PHILADELPHIA -- If Dan Uggla approaches his productive past, the Giants may have settled their issues at second base.
Should Uggla continue his steady decline, the Giants must continue to search for answers.
It's that simple. The Giants, who signed Uggla to a Minor League contract Monday, hope that a change of scenery will help him regain the form that once made him one of the game's most formidable slugging infielders. Uggla, a three-time Major League All-Star who hit 190 homers in his first six big league seasons, could report as early as Tuesday to Triple-A Fresno, where the Giants will evaluate his skills.
Giants right-hander Tim Hudson, an Atlanta teammate of Uggla's during the previous three seasons, said he supported the signing in conversations with Giants manager Bruce Bochy and general manager Brian Sabean.
"He can still play," Hudson said. "I think [Uggla's slump] probably was between the ears more than anything. From a confidence standpoint, I think having teammates who are going to believe in him is going to be very beneficial."
In discussing Uggla's acquisition, Bochy mentioned two players as potential comparisons. They inhabit opposite ends of the franchise's spectrum of heroes: outfielders Pat Burrell and Jeff Francoeur.
Burrell joined the Giants in 2010 and accelerated their march to the postseason by amassing 18 home runs and 51 RBIs while compiling a .872 OPS (on-base plus slugging percentage) in 96 games. Francoeur came to the Giants last year shortly before the All-Star break and abruptly vanished after hitting .194 with no homers, two doubles and four RBIs in 63 plate appearances.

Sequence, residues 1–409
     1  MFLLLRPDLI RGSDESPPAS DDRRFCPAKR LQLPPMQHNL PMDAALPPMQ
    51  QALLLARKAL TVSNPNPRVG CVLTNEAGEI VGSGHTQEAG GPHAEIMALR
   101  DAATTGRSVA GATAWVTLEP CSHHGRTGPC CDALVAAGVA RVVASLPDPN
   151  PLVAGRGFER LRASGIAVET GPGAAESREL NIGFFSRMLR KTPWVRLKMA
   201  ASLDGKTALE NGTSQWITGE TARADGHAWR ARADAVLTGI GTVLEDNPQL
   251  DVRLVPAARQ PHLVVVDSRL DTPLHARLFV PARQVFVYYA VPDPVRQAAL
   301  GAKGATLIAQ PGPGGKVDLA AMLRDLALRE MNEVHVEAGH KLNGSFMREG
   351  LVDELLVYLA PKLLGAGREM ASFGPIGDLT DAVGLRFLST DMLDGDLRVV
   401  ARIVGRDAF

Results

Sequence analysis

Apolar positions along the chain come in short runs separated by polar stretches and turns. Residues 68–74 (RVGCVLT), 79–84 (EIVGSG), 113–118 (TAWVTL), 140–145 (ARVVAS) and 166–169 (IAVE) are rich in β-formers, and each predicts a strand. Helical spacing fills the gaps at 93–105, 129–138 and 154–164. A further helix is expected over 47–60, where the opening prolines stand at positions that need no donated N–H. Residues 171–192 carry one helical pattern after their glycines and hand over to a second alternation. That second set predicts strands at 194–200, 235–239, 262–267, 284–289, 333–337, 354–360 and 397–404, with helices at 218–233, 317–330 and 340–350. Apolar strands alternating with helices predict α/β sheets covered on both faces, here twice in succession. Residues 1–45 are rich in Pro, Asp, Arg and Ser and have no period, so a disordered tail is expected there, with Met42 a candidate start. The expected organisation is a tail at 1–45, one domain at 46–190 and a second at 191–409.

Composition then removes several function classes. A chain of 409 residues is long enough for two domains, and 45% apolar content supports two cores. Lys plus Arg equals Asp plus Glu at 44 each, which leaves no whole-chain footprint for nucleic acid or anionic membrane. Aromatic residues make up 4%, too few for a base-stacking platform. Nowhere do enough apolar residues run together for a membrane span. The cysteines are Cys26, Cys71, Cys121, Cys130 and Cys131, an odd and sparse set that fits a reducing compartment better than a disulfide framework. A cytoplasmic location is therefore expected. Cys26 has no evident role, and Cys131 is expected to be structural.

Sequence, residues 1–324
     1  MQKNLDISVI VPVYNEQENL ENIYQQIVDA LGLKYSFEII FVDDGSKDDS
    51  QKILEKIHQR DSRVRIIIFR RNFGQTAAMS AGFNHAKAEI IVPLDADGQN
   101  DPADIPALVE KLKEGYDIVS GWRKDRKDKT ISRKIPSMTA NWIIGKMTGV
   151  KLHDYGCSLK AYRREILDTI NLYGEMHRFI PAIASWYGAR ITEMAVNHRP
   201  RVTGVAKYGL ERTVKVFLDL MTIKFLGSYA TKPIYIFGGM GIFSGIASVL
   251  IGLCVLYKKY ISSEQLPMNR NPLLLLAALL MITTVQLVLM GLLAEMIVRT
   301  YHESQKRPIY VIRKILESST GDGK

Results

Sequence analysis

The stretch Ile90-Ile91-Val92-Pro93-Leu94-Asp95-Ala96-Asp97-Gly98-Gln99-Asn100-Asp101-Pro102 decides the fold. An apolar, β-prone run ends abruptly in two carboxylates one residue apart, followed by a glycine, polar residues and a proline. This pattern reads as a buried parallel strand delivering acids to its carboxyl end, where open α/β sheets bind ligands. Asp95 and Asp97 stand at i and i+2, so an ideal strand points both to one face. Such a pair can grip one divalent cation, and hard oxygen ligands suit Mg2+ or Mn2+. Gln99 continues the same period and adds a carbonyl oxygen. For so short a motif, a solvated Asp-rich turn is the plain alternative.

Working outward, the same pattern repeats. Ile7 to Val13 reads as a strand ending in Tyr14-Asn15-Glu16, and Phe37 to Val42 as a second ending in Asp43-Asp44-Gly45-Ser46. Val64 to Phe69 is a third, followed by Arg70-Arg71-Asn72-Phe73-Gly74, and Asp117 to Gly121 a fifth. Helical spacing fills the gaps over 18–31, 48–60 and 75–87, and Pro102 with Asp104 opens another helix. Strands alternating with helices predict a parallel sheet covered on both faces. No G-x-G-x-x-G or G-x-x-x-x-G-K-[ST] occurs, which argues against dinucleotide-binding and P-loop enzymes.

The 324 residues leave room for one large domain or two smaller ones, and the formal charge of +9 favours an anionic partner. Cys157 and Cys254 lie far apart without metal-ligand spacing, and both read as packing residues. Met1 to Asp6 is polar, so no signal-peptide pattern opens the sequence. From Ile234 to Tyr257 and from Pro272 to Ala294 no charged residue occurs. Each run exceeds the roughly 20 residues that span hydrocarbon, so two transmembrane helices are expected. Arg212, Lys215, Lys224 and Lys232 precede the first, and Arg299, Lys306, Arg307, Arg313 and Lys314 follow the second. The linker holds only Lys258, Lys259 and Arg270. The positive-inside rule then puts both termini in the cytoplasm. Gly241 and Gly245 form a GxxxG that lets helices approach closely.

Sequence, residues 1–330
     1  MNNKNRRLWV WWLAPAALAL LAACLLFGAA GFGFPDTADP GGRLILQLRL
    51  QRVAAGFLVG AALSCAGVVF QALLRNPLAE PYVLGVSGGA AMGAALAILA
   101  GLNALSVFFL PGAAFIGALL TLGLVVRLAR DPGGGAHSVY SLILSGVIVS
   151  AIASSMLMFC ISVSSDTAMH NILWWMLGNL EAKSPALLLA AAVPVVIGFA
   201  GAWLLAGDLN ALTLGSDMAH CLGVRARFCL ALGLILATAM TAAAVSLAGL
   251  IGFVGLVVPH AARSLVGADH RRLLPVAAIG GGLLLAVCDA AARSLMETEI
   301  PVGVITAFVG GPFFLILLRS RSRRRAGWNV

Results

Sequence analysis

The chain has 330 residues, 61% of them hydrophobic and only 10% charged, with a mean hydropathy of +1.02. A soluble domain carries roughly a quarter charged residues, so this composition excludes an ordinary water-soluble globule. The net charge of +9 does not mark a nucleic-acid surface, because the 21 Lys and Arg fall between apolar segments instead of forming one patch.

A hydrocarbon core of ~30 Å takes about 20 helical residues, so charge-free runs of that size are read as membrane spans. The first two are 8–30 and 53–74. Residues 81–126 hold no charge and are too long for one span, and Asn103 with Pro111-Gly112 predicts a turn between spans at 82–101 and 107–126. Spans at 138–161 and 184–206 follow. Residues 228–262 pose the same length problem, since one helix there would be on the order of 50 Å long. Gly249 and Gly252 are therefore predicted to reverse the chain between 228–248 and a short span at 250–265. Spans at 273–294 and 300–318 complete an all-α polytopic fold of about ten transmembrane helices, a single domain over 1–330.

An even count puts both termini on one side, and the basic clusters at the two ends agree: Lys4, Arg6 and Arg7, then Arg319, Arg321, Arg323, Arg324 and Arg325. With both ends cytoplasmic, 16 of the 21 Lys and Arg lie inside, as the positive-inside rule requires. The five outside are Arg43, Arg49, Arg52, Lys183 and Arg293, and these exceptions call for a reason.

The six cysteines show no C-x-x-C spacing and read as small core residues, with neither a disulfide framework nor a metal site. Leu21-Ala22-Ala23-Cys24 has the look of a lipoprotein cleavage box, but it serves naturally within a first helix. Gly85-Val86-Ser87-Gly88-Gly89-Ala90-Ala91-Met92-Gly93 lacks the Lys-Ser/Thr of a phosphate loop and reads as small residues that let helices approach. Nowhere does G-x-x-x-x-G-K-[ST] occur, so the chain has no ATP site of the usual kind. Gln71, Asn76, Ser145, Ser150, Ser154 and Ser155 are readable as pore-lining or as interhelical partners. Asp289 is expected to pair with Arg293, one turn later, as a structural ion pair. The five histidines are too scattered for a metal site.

Bochy cited the possibility that Uggla could benefit by escaping Atlanta, where his career nosedived.
"Sometimes it gets to a point where you're pressing so much that a change is good," Bochy said.
The Giants are willing to consider changes among their second basemen, who entered Monday's series opener against the Philadelphia Phillies batting .180, next to last in the National League.
So the Giants opted for a low-risk gamble on Uggla, 34, who will cost the Giants only the prorated Major League minimum salary of $500,000. He has an Aug. 1 opt-out clause if he hasn't yet been promoted from the Minors.
The Braves released Uggla last Friday after he hit .162 with two home runs and 10 RBIs in 48 games. But if the Giants are hoping that Uggla can recapture his past, at least it's a fairly impressive one.
He finished third in the NL Rookie of the Year balloting in 2006, batting .282 with 27 homers and 90 RBIs for the Marlins. The right-handed batter proceeded to hit 31 or more homers each season from 2007-11.
Uggla recorded his best all-around season in 2010, when he reached career highs in batting average (.287) and RBIs (105) while hitting 33 homers. But while his home run total rose to 36 the following year with Atlanta, his batting average dwindled to .233. Uggla's inconsistency persisted as he hit .220 in 2012 and .179 last year.
Uggla's statistical decline meant little to Hudson.
"I feel like this is going to be a great opportunity for him," Hudson said. "I love the guy. I thought he was a great teammate. He played as hard as anybody I've ever played with. Even though he's struggled, I feel like he handled it pretty well."